Finding Ernest – A Digression. Part 1 – Wide and Waste

I paused over the neatly whited-out phrase. What is that? "fart arsed" Really? The liquid paper had begun to wear away and I could just see the print underneath. The book was "Blessings in Disguise", actor Alec Guinness' breezily indirect memoirs and I was reading a copy at my local public library. An earlier library patron…

Women and Fools

King John is the Shakespeare play that no one likes, and for good reason. Not only are there no heroes, there isn't even a place for your sympathies to engage. Listening to it is like watching players of an unknown game  - you know there are rules and people are rooting, cheering, talking trash and…

Philomel (with Melody)

After a depressingly inaccessible Romeo and Juliet, the Argo recording of Midsummer Night's dream opened up like box of riches. This is far and away my favorite recording of the play, and there are some strong contenders in the audio realm (as well as some fine films). RCA Victor (1954) The success of the RCA…

Sounds Boring

"Now look. Is it a fact that you're going to marry this sap, de Beaufort?" David Niven, crashing a party, demands of the beautiful Annabella, who gazes at him through her mask. "What is sap?", she replies. Niven considers for a moment, then "Sap..sap is a man who doesn't look where he's going" The movie…

Richard II

The romantic portrait of Richard II, definitively acted by John Gielgud and echoed by Derek Jacobi decades later is that of a graceful, charming aesthete playing the role first of an all-powerful monarch and then of a pitiful martyr, all the way using poetic language to cast a spell on the audience. Gielgud especially, with a…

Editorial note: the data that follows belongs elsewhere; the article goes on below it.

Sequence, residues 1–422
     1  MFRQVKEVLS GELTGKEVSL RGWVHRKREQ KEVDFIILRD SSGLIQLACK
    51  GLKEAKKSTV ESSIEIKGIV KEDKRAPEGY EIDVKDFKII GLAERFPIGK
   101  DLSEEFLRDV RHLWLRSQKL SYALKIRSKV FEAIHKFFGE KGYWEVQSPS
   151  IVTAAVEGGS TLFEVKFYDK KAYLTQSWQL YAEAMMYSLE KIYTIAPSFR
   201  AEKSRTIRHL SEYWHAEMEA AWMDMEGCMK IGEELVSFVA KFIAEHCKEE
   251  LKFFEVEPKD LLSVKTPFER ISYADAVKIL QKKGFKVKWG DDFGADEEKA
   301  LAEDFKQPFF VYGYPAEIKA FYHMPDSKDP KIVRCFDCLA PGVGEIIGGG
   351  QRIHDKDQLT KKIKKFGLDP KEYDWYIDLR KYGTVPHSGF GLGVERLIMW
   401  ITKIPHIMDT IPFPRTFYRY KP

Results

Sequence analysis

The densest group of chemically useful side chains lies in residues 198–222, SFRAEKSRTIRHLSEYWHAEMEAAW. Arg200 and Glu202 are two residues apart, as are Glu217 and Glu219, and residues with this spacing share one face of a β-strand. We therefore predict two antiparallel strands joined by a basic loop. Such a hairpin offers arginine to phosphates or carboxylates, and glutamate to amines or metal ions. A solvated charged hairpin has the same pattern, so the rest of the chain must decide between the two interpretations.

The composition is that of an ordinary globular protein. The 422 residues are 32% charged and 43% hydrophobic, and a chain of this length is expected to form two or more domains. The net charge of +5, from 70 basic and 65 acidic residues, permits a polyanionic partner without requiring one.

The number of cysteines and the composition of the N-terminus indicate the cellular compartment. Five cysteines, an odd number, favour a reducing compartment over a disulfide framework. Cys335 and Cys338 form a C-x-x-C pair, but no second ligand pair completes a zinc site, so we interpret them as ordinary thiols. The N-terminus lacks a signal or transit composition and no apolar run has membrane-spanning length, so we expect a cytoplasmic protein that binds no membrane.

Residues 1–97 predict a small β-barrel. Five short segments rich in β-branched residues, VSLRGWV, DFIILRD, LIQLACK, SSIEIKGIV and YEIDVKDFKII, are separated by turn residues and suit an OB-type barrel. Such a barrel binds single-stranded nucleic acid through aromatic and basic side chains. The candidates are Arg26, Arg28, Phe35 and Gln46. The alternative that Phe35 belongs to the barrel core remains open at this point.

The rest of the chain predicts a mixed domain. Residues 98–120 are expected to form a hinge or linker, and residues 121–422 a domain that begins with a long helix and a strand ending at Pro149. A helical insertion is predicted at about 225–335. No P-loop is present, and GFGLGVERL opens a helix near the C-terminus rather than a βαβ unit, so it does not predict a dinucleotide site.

It’s a phase

What temporary, language-related issues was Shakespeare working through when he wrote Love's Labours Lost? Is this some final attempt to erase the stigma of a mere player daring to match wits with the university men? The taffeta phrases of the King of Navarre and his lovesick companions, the hyperverbal sallies of Don Adriano de Armado and…

Comedy of Errors

Reasons why I didn't want to like this recording. 1) The premise is profoundly, deeply idiotic. The intellect rebels at Shakespeare's decision to take Plautus' tale of twins separated at birth and...hey, it will be twice as funny if we add another set of twins separated at birth, right? Taking an ancient device and beating…

Star No Star

If ever there was a part that invited a "star" performance, it's Richard, Duke of Gloucester. It's gigantic (in Richard III alone, he has 1,171 lines in a play that's 3,609 lines long!), spread over three plays, and has multiple opportunities for an actor to indulge in thespian pyrotechnics - the wooing of Lady Anne, the…

Bunchback’d Toad

Antony Sher's Richard III was famously (and brilliantly) the "bottled spider" of Queen Margaret's curses, moving about the stage with arthropoid grace. Patrick Wymark's is her "bunchback'd toad", a croaking, earthy creature prone to sudden, calculated leaps. Angry at life, he needs the violence of war as an outlet for his rage, and the crown seems…

Titus Andronicus

The defining moment for me, listening to this recording of Shakespeare's first tragedy, came during Act III Scene 1, as Aaron the Moor presents Titus the opportunity (actually a gruesome prank) to save the lives of his sons by offering the emperor his own hand as a sacrifice. William Devlin as Titus and Tony Church as…